Quiet: The Power of Introverts in a World That Can't Stop Talking by Susan Cain
2012 Random House Audio
Narrated by Kathe Mazur
Finished on November 16, 2023
Rating: 3/5 (Good)
At least one-third of the people we know are introverts. They are the ones who prefer listening to speaking; who innovate and create but dislike self-promotion; who favor working on their own over working in teams. It is to introverts—Rosa Parks, Chopin, Dr. Seuss, Steve Wozniak—that we owe many of the great contributions to society.
In Quiet, Susan Cain argues that we dramatically undervalue introverts and shows how much we lose in doing so. She charts the rise of the Extrovert Ideal throughout the twentieth century and explores how deeply it has come to permeate our culture. She also introduces us to successful introverts—from a witty, high-octane public speaker who recharges in solitude after his talks, to a record-breaking salesman who quietly taps into the power of questions. Passionately argued, superbly researched, and filled with indelible stories of real people, Quiet has the power to permanently change how we see introverts and, equally important, how they see themselves.
After reading several glowing reviews, I picked up a copy of Susan Cain's latest book (Bittersweet) while traveling this past summer. (I'm always happy to support indie bookstores when we're on the road.) I've had Cain's previous bestseller (Quiet) on my TBR list for over a decade and decided to start with that book before reading Bittersweet.
Quiet is well-researched and full of interesting anecdotes and examples. I found myself nodding in agreement, recognizing not only myself, but friends and family members who are classic introverts. I'm sure some would be surprised to learn that I consider myself an introvert. After all, I can lead a book group discussion, hand-sell my favorite books to complete strangers, and throw dinner parties. But I prefer small, casual gatherings over big events. I'm perfectly content spending time alone on my walks, shopping by myself rather than with a group of girlfriends, or relaxing on the weekend, curled up with a good book. Thankfully, my husband feels the same.
Introverts, in contrast, may have strong social skills and enjoy parties and business meetings, but after a while wish they were home in their pajamas. They prefer to devote their social energies to close friends, colleagues, and family. They listen more than they talk, think before they speak, and often feel as if they express themselves better in writing than in conversation. They tend to dislike conflict. Many have a horror of small talk, but enjoy deep discussions.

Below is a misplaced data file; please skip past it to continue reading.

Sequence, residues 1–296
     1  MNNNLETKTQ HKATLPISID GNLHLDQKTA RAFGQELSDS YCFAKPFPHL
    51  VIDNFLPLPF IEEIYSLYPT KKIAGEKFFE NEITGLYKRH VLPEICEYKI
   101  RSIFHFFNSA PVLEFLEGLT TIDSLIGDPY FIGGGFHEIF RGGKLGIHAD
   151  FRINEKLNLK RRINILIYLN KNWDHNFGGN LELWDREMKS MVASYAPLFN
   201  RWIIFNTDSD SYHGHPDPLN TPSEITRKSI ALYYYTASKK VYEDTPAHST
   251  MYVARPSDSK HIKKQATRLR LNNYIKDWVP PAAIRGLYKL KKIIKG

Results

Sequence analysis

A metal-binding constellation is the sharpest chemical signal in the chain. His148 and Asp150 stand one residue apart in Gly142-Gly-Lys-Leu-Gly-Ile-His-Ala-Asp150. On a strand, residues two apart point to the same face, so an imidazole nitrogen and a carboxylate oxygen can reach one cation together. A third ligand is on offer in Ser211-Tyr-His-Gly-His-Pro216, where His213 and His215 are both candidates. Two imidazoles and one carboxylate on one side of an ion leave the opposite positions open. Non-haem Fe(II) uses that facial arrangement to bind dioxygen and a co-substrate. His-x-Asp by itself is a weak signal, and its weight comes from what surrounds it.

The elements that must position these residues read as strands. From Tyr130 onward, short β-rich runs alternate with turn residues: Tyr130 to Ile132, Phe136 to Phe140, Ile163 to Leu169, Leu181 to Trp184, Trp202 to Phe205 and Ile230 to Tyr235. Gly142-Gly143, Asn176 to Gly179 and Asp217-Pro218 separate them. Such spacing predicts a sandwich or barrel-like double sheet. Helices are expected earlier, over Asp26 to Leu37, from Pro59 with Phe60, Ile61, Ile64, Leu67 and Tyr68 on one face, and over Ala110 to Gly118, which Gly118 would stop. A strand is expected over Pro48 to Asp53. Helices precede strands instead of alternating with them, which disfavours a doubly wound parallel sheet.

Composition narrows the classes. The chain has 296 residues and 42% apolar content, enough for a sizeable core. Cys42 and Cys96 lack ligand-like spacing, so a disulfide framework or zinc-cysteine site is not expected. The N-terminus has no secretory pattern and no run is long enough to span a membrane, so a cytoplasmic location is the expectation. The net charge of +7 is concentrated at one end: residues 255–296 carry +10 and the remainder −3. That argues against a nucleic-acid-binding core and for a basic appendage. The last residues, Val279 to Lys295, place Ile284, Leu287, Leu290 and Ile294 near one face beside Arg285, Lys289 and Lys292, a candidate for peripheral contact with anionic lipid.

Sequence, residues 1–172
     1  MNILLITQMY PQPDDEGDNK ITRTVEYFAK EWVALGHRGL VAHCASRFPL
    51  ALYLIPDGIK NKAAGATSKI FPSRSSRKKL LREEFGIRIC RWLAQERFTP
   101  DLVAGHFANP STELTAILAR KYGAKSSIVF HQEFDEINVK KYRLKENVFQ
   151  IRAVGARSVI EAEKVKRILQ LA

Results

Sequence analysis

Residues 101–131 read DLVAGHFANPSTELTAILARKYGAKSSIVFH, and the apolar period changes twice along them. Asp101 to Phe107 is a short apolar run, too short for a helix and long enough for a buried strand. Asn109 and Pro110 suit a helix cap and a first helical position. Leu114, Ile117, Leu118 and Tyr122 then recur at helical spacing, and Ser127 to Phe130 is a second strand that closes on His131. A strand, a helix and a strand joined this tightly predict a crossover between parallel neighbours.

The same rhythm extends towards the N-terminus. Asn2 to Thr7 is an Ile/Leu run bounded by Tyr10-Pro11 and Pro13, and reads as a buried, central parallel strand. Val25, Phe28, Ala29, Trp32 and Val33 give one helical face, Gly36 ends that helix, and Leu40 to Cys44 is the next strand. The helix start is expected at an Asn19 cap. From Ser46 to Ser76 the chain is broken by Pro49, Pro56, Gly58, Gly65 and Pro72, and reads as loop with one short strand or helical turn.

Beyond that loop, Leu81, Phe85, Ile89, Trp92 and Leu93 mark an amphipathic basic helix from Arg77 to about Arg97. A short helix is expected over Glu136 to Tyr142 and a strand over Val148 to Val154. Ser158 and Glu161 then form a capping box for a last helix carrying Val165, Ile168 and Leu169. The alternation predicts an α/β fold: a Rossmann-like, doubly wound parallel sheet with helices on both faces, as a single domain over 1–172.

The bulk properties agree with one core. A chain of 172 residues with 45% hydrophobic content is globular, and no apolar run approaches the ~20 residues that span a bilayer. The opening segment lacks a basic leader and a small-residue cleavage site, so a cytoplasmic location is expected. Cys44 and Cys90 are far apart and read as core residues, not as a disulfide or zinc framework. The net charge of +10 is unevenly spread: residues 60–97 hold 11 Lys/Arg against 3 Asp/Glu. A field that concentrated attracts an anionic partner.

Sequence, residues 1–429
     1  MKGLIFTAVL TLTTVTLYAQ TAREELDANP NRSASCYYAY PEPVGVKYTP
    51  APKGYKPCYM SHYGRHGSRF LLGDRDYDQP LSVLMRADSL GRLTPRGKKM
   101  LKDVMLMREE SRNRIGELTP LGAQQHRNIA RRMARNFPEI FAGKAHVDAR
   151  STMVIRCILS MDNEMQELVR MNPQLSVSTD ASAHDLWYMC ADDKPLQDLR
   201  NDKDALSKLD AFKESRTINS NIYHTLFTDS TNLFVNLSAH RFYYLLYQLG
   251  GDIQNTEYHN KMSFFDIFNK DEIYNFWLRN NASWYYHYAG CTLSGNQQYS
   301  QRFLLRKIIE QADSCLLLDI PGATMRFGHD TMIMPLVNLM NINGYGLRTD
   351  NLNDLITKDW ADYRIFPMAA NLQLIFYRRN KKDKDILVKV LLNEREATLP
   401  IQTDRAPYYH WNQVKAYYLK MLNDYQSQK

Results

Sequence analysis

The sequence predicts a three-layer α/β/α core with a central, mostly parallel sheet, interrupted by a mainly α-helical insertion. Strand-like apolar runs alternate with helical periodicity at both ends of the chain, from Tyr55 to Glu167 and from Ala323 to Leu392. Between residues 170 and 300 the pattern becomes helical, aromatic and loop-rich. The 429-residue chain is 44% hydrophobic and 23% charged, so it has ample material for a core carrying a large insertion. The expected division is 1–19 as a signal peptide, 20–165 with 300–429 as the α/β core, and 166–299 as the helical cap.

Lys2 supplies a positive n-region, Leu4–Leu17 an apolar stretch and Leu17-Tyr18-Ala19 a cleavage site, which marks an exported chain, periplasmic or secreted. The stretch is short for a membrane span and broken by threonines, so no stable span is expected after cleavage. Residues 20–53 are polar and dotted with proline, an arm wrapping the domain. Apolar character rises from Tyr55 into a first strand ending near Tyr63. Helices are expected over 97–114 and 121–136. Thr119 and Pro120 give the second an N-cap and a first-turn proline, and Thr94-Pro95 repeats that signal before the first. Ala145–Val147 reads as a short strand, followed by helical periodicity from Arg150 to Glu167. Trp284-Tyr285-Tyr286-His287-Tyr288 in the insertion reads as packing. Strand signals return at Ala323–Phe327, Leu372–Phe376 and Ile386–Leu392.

It was nice reading a book that validated my feelings about my personality, and yet, I felt like the author was stating the obvious. There aren't a lot of "Ah-ha!" moments revealed in Cain's writing, and halfway in, my mind started to wander, but I was content to continue listening to Kathe Mazur's outstanding narration.
I found the following quiz on the author's website. I answered yes to 17 of the statements. How about you?
1. I prefer one-on-one conversations to group activities.2. I often prefer to express myself in writing.3. I enjoy solitude.4. I seem to care about wealth, fame, and status less than my peers.5. I dislike small talk, but I enjoy talking in-depth about topics that matter to me.6. People tell me that I'm a good listener.7. I'm not a big risk-taker.8. I enjoy work that allows me to "dive in" with few interruptions.9. I like to celebrate birthdays on a small scale, with only one or two close friends or family members.10. People describe me as "soft-spoken" or "mellow".11. I prefer not to show or discuss my work with others until it's finished.12. I dislike conflict.13. I do my best work on my own.14. I tend to think before I speak.15. I feel drained after being out and about, even if I've enjoyed myself.16. I often let calls go through to voice-mail.17. If I had to choose, I'd prefer a weekend with absolutely nothing to do to one with too many things scheduled.18. I don't enjoy multi-tasking.19. I can concentrate easily.20. In classroom situations, I prefer lectures to seminars.